Buddy Oakes
I actually expect the Predators to have the best season in franchise history. If you look at the process of the transformation of the team since the lockout, with few exceptions they have progressed each year.

In 2010, the team should have gotten past Chicago and to a man, they realized that it was their own fault that they didn’t. Last year, after winning the first round, they were not ready for game one against Vancouver and that loss (plus Ryan Kesler’s best series ever) sent them home for the summer, but more lessons were learned.

If you look at the natural progression of the players that they have on the team headed into camp, they should more than adequately compensate for the players that left for higher salaries through free agency.

Patten Fuqua

The coming season is a mystery wrapped up in an enigma crossed with a riddle. While the Predators have lost several key players - notably Goc, Ward, Franson, O'Brien and Sullivan - they have not made any outside moves of much significance. While picking up Niclas Bergfors might have been the steal of the offseason, it appears that most of the players that departed will be replaced from within. Of course, we've been down this road before. The leading scorers are still around...and many people tend to forget that Sullivan and Goc were hurt for a large portion of the latter part of the season. Considering that, I expect the Predators to squeak into a 7th or 8th place playoff spot.

Amanda Dipaolo

The Predators are a team that continuously do a lot with a little. I expect no different this upcoming season. That said, for a team that prides itself on being predominately a home-grown team, I would hope some of the Predators youngsters step up to replace a Steve Sullivan or a J.P. Dumont, both one-time key players to the organization.


Ah, a pregnant question from the get-go! Well, what we expect and what get  from the Preds are often governed by one thing and one thing only: injuries. Last year's squad clearly out-kicked their coverage in making it into the playoffs, due to the inordinate number of injuries they sustained all season long. If they can repeat that ability to be resilient and overcome obstacles, I expect nothing less than another second round appearance in the Stanley Cup Playoffs. However this will be  a younger team from the start and that could have a major effect on their response to adversity. nonetheless I expect the experience the entire organization had from last season will give them an expectation for success like never before, and that too could be a huge dynamic in the team's performance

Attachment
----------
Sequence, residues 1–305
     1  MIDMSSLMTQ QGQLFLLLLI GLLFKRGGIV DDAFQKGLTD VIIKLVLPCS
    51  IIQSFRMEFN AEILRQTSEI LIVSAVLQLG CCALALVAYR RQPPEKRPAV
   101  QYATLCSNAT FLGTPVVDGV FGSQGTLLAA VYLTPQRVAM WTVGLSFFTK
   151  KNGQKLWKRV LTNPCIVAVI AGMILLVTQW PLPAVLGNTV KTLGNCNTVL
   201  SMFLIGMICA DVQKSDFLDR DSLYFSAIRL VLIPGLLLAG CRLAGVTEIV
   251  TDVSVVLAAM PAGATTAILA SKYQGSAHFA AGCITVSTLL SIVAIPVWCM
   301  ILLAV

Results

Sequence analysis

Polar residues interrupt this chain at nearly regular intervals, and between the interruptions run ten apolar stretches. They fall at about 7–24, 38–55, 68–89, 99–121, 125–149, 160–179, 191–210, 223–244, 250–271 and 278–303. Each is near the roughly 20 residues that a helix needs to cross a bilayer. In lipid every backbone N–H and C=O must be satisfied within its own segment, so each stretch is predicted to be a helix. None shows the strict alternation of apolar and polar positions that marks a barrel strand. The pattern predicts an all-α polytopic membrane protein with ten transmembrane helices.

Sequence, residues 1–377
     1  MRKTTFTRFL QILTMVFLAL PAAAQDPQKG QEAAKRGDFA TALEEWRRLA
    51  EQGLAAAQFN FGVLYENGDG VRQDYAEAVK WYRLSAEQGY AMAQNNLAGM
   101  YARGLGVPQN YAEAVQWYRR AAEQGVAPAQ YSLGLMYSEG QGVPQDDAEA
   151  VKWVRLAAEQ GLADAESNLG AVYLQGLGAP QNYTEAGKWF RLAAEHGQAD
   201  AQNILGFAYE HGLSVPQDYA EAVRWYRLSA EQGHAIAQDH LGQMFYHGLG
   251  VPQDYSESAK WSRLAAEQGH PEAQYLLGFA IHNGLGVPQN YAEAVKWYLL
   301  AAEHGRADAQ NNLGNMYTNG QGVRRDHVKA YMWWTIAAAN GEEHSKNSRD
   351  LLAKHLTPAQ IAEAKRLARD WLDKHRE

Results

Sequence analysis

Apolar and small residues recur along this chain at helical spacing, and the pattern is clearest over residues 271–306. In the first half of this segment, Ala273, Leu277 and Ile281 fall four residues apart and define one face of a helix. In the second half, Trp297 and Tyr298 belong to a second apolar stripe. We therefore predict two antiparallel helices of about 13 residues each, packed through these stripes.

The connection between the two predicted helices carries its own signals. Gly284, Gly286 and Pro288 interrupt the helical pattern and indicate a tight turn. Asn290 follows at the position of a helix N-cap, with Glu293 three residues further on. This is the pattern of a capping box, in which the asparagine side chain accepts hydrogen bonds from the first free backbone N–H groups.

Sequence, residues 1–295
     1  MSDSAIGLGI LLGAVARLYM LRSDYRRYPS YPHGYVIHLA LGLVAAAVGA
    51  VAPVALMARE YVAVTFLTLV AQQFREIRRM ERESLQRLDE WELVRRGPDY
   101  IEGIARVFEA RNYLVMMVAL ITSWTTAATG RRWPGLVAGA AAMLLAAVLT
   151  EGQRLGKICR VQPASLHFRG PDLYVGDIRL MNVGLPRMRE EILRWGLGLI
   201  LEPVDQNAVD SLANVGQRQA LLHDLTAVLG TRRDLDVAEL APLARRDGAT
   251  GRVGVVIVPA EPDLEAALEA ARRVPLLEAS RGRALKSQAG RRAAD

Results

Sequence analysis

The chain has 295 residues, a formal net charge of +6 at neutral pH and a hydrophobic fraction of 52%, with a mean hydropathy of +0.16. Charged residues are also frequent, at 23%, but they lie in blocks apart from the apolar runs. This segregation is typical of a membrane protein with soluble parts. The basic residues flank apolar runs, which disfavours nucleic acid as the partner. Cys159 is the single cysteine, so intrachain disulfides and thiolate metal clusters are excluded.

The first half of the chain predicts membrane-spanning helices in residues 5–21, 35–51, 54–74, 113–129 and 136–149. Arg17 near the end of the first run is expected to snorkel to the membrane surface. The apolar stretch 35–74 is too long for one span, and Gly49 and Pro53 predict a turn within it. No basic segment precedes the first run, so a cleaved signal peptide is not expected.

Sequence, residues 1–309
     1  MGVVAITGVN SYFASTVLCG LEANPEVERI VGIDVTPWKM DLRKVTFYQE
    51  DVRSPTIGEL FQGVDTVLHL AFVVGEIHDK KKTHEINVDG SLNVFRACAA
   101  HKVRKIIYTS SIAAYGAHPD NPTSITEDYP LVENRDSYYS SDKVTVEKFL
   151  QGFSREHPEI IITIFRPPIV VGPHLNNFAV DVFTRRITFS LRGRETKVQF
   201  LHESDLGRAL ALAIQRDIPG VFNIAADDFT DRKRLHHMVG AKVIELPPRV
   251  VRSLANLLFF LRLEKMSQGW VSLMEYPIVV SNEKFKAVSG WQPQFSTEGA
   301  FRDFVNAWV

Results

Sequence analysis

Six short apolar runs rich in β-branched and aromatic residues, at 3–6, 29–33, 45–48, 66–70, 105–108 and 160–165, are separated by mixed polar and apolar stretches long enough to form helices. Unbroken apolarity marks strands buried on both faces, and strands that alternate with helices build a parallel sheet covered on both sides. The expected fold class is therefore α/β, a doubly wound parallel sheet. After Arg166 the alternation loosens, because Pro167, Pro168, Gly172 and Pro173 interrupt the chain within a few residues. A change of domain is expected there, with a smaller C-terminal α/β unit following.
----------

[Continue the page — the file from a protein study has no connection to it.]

(The View claims no responibility for the paternity of the question)

Ryan Porth

The same we have seen over the last three or four years.  I am a believer in that playoff success one year doesn’t translate to regular season success the next.  In all likelihood, the Preds will be on the bubble all year, make a move at the trade deadline and barely survive the Western Conference to claim the 7 or 8 seed.  For the Preds to compete for the division crown, Pekka Rinne will have to perform like he did last year and every single forward will have to (a) be at their best and (b) stay healthy

Kris Martel

I think we’ll be pleasantly surprised this season. Nashville is essentially bringing the same players back this year as they had last season and they all know how close they were to going much further in the playoffs a few months ago. A bounce here or a bounce there and Nashville would have most likely dispatched Vancouver in the second round. Did they? No, but Nashville is definitely on the right track.

The youth that Nashville has in their organization mixed with the current veteran presence that is already established in the club makes the Predators one of those teams that could possibly have “all of their ducks in a row”, if you know what I mean. Are the Predators a Stanley Cup contender? I don’t believe so with their current lineup, however I feel that they are definitely a playoff contender and probably ONE single puzzle piece away from being that Cup contender.

Jim Diamond

I expect more of the same from the 2011-12 Predators as we have seen in recent seasons past. While the goaltending and defense will again be strong, this team will struggle to score goals and that will leave them fighting for one of the last couple of Western Conference playoff spots at the end of the season.

So there you have it. The view of this group is that the Predators can be anything from contending for a playoff spot to making a deep playoff run. I agree with the concensus that this team can make the playoffs. I do think Ryan has hit upon a key point, and that this team will have to stay healthy to be in playoff contention.

Up next in part 2 of our roundtable will be a discussion of whether or not the young guys are ready for prime time.